The Secretary-General, in his annual report on children and armed conflict, published on 27 June, said that he is “appalled by the high number of grave violations against children in Ukraine following the invasion of Ukraine by the Russian Federation”. In the annexes to his report, he listed the Russian armed forces and affiliated armed groups for committing attacks on schools and hospitals (480 verified instances) and the killing of children (136 verified victims). The Secretary-General expressed concern about the high number of children killed (80) and maimed (175) and attacks on schools and hospitals (212) by Ukrainian armed forces but did not list them in the report’s annexes. He urged the Ukrainian armed forces immediately to implement measures to protect children and to prevent attacks on schools and hospitals, adding that he will be “particularly attentive to this situation in the preparation of my next report”. (For more, see the Children and Armed Conflict brief in our July forecast.)
Human Rights-Related Developments
On 15 June, Alice Jill Edwards, the UN Special Rapporteur on Torture and Other Cruel, Inhuman or Degrading Treatment or Punishment, issued a statement expressing alarm at reports and testimonies which indicate that Russian military forces in Ukraine “consistently and intentionally” inflict “severe physical and psychological pain and suffering on Ukrainian civilians and prisoners of war”. Edwards, together with other independent UN experts, sent a letter to Russian authorities in which they emphasised that the “consistency and methods” of the alleged torture suggest coordination, planning, and organisation, as well as “direct authorisation, deliberate policy or official tolerance from superior authorities”. Edwards plans to visit Ukraine later this year to conduct a fact-finding inquiry as part of her mandate.
Key Issues and Options
The overarching priority for the Council is to promote a solution to the conflict in accordance with the principles of the UN Charter and to facilitate dialogue among the parties to that end. Council members may consider requesting the Secretary-General to employ his good offices to promote the start of talks between Russia and Ukraine in pursuit of a peace agreement, including by providing support and facilitating coordination among various diplomatic initiatives. While a negotiated settlement may appear distant, establishing diplomatic lines of communication between the parties may contribute to preventing further escalation of the conflict.
A key issue for the Council is ensuring the extension of the Black Sea Grain Initiative (BSGI), which is set to expire on 17 July. Russia has threatened not to renew the initiative, citing a lack of progress in implementing the memorandum of understanding (MoU) signed between Russia and the UN to facilitate unimpeded exports of Russian food and fertilisers to global markets. The Tolyatti-Odesa ammonia pipeline, which had been the subject of UN-led discussions between Russia, Türkiye, and Ukraine to facilitate the export of Russian ammonia fertiliser, sustained partial damage due to reported explosions on 7 June. Council members may wish to convene a meeting with UN Coordinator for the BSGI Abdullah Abdul Samad Dashti and UN Conference on Trade and Development (UNCTAD) Secretary-General Rebeca Grynspan. They may choose a closed, informal format, such as an informal interactive dialogue, to allow for a frank discussion about the challenges to the implementation of the BSGI and the MoU.
Council and Wider Dynamics
The Security Council remains starkly divided on the conflict in Ukraine and the appropriate framework for achieving a peaceful resolution. Ukraine and its allies have advocated for a just peace, conditioned on the withdrawal of Russian troops from Ukraine’s internationally recognised borders. Other member states have called for an immediate cessation of hostilities without any preconditions, which could freeze the front lines of the conflict, leaving Russia in control of a significant amount of territory in eastern and southern Ukraine.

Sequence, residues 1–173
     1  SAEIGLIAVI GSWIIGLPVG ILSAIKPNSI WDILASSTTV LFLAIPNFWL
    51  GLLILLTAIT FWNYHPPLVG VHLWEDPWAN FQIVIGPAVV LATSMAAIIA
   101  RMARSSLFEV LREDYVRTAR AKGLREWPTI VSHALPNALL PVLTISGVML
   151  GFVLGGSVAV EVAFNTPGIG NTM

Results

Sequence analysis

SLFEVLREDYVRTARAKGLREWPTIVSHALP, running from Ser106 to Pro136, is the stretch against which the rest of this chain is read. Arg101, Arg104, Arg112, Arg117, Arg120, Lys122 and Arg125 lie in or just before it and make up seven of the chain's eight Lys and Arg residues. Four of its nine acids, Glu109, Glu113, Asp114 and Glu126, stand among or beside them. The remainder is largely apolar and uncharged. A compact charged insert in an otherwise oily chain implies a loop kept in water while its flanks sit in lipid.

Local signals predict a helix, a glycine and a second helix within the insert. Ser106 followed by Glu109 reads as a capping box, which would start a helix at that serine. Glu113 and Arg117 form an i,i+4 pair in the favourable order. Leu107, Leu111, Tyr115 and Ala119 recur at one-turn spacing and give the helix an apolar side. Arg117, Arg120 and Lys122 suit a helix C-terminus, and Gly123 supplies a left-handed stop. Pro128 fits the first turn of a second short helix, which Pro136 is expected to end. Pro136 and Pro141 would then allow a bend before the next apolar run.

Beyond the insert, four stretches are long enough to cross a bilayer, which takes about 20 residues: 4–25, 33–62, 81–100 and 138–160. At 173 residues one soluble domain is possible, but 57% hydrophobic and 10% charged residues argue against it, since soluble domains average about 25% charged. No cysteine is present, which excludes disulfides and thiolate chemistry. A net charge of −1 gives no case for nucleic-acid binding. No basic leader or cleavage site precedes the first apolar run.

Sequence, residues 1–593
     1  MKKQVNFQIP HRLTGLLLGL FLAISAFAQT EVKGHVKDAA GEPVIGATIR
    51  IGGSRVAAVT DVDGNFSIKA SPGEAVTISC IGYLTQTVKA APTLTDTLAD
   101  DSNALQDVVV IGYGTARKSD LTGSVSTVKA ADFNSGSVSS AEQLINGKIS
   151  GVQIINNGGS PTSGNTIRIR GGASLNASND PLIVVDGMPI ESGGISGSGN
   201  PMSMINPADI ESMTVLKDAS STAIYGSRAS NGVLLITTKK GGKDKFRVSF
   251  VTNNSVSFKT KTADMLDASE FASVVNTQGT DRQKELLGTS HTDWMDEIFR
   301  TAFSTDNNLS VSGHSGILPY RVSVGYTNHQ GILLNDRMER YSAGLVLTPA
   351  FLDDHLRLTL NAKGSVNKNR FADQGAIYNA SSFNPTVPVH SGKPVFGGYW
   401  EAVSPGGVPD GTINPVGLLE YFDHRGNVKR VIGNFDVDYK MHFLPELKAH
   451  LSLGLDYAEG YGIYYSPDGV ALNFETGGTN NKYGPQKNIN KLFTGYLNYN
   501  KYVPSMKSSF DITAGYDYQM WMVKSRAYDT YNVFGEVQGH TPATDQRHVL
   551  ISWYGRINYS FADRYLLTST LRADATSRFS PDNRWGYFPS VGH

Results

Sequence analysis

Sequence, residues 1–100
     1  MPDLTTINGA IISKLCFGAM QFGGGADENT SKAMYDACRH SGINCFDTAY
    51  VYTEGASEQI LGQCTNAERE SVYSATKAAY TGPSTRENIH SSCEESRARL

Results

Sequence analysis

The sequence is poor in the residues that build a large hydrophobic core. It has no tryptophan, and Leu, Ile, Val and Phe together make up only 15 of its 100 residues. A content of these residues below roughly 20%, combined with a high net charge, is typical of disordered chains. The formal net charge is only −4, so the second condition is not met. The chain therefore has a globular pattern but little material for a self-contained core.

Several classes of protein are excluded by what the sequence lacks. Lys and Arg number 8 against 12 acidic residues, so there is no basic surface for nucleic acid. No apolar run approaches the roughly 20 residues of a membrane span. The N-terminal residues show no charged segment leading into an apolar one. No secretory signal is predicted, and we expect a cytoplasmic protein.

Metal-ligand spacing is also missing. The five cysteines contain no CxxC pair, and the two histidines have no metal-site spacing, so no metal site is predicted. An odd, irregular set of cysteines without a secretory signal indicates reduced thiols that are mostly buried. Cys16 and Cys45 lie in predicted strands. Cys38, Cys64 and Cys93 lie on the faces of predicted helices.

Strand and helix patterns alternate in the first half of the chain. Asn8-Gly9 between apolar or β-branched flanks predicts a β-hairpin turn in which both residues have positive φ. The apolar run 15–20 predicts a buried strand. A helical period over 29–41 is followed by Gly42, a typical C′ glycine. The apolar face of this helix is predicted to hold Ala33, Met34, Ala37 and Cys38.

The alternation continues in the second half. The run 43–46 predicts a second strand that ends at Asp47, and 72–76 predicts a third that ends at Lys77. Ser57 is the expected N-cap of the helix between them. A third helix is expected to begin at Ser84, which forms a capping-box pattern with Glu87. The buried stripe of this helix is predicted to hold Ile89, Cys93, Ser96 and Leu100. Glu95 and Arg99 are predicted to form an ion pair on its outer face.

Despite the prevailing divisions, several member states, including three from the BRICS bloc—which comprises Brazil, China, India, Russia, and South Africa—have initiated diplomatic efforts aimed at promoting dialogue towards a political settlement of the war in Ukraine. So have other countries: at the Shangri-La Dialogue in Singapore on 3 June, Indonesian Defense Minister Prabowo Subianto presented a peace plan aimed at resolving the conflict in Ukraine. His proposal involved an immediate ceasefire and the withdrawal of both sides to 15 kilometres from their current positions, allowing for the establishment of a demilitarised zone to be monitored by UN peacekeepers. Subianto also suggested that a referendum, overseen by the UN, be conducted in Ukraine’s “disputed territories”. Kyiv and many of its Western allies dismissed the proposal, particularly objecting to the use of the term “disputed territories”.
On 16 and 17 June, a high-level delegation from Africa—comprising representatives from Comoros, Egypt, Senegal, South Africa, the Republic of the Congo, Uganda, and Zambia—visited Ukraine and Russia in search of a negotiated settlement to the war. The delegation presented a ten-point proposal to the parties, emphasising a commitment to pursuing a peaceful resolution to the conflict through diplomatic means and based on the principles outlined in the UN Charter. The proposal also called for de-escalation and the consideration of security guarantees for both sides.
In a joint press conference following the meeting in Kyiv, Zelenskyy rejected peace talks with Moscow, arguing that Russia views negotiations as an opportunity to strengthen itself for further military action. He reiterated that any peace proposal must include the “real withdrawal of Russian troops” from Ukraine. In St. Petersburg, Putin dismissed the African delegation’s peace plan, challenging assumptions about Ukraine’s internationally recognised borders and the source of the global food security crisis. Putin maintained that “Russia has never rejected any [peace] talks”, suggesting that Kyiv chose to withdraw from negotiations in March 2022 under pressure from its Western allies.
UN DOCUMENTS ON UKRAINE
|Security Council Meeting Records
|2 June 2023S/PV.9340
|This was an emergency meeting requested by Russia and Ukraine, with support from Albania and the US, which focused on the 6 June destruction of the Kakhovka Dam.